Award-winning Malaysian bean-to-bar producers elevate local chocolate


Yesterday marked World Cocoa and Chocolate Day, which values and celebrates the work of smallholder farmers from cocoa-producing countries around the world.

Interestingly, chocolate has a history that dates back over 3,000 years when the people of the earliest communities in central America ground cocoa beans into a thick liquid to be consumed as a drink.

From those seemingly innocuous beginnings, cocoa has traversed the planet, from Europe to virtually every other continent in the world, changing shape and form and enjoyed in chocolate bars, drinks, desserts and so much more.

These days, the global chocolate market is immense. In 2021, it was valued at USD46.6 billion (RM213 billion) and is expected to grow 5% every year until 2029.

In Malaysia, cocoa was once a huge commodity, so much so that at one point, the country was the third largest producer of cocoa in the world. These days, those numbers have faltered but Malaysia still remains one of Asia’s biggest cocoa producers.

But despite the national association with chocolate that dates back decades, most Malaysian cocoa is exported and consequently there are woefully few bean-to-bar chocolate producers in the country and by extension, very few opportunities for Malaysians to savour single-origin Malaysian chocolate.

The natural farming practised by the Orang Asli communities mimics the way that cocoa was grown by ancient civilisations in the Amazon basin thousands of years ago. — CHOCOLATE CONCIERGEThe natural farming practised by the Orang Asli communities mimics the way that cocoa was grown by ancient civilisations in the Amazon basin thousands of years ago. — CHOCOLATE CONCIERGE

Still, an intrepid few have braved the unknown and embarked on a journey to produce Malaysian chocolate from scratch. There are only a handful of these bean-to-bar producers in the country but the work they are doing has been instrumental in elevating homegrown artisanal chocolate and developing a burgeoning local appetite and appreciation for chocolate that is 100% Malaysian.

Chocolate Concierge

Chocolate Concierge is one of the pioneer bean-to-bar chocolate producers in the country and the brand’ s founder Ong Ning-Geng, better known as Ning, has been instrumental in spearheading the growth of the artisanal chocolate movement in Malaysia.

Ning has been a key figure in elevating and championing Malaysian artisanal chocolate and has been making 100% local chocolate for over a decade now. — CHOCOLATE CONCIERGENing has been a key figure in elevating and championing Malaysian artisanal chocolate and has been making 100% local chocolate for over a decade now. — CHOCOLATE CONCIERGE

But first, what is a bean-to-bar producer? A bean-to-bar producer is essentially an entity or person that takes charge of the entire chocolate-making process from farm level (growing, harvesting and fermenting the cocoa beans) to actually making the chocolate (roasting cocoa beans, conching, tempering and creating chocolate bars and other chocolate products).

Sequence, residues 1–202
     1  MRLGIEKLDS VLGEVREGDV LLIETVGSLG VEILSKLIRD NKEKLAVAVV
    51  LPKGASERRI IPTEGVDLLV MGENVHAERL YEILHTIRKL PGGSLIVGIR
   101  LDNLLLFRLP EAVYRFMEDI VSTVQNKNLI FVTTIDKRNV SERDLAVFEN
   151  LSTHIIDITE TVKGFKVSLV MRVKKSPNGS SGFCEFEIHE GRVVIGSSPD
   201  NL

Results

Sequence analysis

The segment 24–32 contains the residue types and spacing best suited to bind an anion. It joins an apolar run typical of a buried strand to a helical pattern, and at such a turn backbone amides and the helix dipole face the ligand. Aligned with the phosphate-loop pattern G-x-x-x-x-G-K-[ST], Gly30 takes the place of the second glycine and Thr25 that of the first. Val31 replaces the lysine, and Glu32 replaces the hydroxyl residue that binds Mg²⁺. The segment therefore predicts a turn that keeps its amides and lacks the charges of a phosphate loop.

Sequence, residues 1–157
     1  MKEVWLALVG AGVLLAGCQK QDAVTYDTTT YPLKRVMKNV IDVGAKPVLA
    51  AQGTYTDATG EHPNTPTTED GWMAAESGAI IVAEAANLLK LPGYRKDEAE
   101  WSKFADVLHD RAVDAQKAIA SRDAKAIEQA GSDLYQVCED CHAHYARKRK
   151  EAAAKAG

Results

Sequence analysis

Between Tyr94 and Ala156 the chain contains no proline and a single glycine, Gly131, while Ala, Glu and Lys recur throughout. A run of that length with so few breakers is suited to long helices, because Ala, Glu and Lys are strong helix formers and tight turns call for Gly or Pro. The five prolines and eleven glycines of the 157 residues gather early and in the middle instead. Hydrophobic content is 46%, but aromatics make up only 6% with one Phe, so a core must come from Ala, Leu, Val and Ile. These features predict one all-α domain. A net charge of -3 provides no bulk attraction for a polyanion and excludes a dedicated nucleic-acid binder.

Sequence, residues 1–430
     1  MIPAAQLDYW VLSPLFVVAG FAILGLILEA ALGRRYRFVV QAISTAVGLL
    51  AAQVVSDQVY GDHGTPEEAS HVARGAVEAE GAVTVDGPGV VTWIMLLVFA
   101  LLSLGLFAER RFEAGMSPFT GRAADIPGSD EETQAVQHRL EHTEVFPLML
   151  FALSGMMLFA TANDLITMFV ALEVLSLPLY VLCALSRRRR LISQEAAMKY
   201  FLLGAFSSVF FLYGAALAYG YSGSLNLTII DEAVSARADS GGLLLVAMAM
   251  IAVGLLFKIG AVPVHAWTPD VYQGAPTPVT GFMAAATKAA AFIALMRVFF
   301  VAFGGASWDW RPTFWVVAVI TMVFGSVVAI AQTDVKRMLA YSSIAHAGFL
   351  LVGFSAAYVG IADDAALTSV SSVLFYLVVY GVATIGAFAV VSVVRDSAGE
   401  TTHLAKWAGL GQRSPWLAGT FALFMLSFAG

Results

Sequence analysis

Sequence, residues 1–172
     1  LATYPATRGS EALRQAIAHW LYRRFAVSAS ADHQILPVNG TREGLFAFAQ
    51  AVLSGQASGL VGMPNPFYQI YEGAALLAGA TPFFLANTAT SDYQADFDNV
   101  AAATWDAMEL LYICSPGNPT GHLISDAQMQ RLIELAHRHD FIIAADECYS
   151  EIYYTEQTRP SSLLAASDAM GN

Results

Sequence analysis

Ning began his journey 12 years ago with rudimentary kitchen tools – he roasted his chocolate beans in a home toaster and used a blender to create chocolate bars! He confesses that was the point that he “got bitten by the chocolate bug”.

Since then, he has gone from strength to strength. Ning now has one plot of land that he owns in Raub, Pahang and another one in Bentong, Pahang that he operates. He also works with a series of contract farmers and perhaps most interesting of all – his biggest source of cocoa beans are from Orang Asli farmers, from the Semai in northern Pahang to the Temiar in Perak and the Dusun in Sabah.

“I don’t speak for all Orang Asli, but for many of them, their settlement is so far removed that they are not applying pesticide or fertiliser. So they practise natural farming and their cocoa trees are planted under jungle trees like petai or durian trees.

The bulk of the cocoa beans that Chocolate Concierge gets is from Orang Asli communities. Pictured here is cocoa from the Semai. — CHOCOLATE CONCIERGEThe bulk of the cocoa beans that Chocolate Concierge gets is from Orang Asli communities. Pictured here is cocoa from the Semai. — CHOCOLATE CONCIERGE

“This is shaded planting which is how cocoa was originally grown in the Amazon basin thousands of years ago. So the beans that come out of this kind of agricultural practice are a really good expression of the natural taste of cocoa,” he explains.

Ning says his decision to become a bean-to-bar producer was tangentially tied in to wanting to make quality Malaysian chocolate.

“Initially I didn’t want to own or operate a farm, but it was such a key piece of the puzzle in ensuring the quality of chocolate, post-harvesting. And I needed a facility close to the plantation, so I thought I might as well plant cocoa in the place.

“And when the outfit is bean to bar, we can integrate and retain more value by having ownership of the whole value chain, so there is more value that we can devote to the upstream section. For instance, when we work with our farm partners, we pay as high as RM24 per kilo, which is way above market rate,” he says.

Chocolate Concierge's 70% Kelantan chocolate recently bagged the World 50 Best at the Cocoa of Excellence Program, a global competition. — CHOCOLATE CONCIERGEChocolate Concierge's 70% Kelantan chocolate recently bagged the World 50 Best at the Cocoa of Excellence Program, a global competition. — CHOCOLATE CONCIERGE

Ning’s hard work has manifested in awards aplenty for Chocolate Concierge. In fact, the brand’s 70% Kelantan dark chocolate was most recently awarded the World 50 Best at the Cocoa of Excellence Program 2021, a highly respected global competition designed to recognise the work of cocoa farmers. Chocolate Concierge also bagged a best in class for single origin chocolate at the Anugerah Industri Koko Malaysia 2022.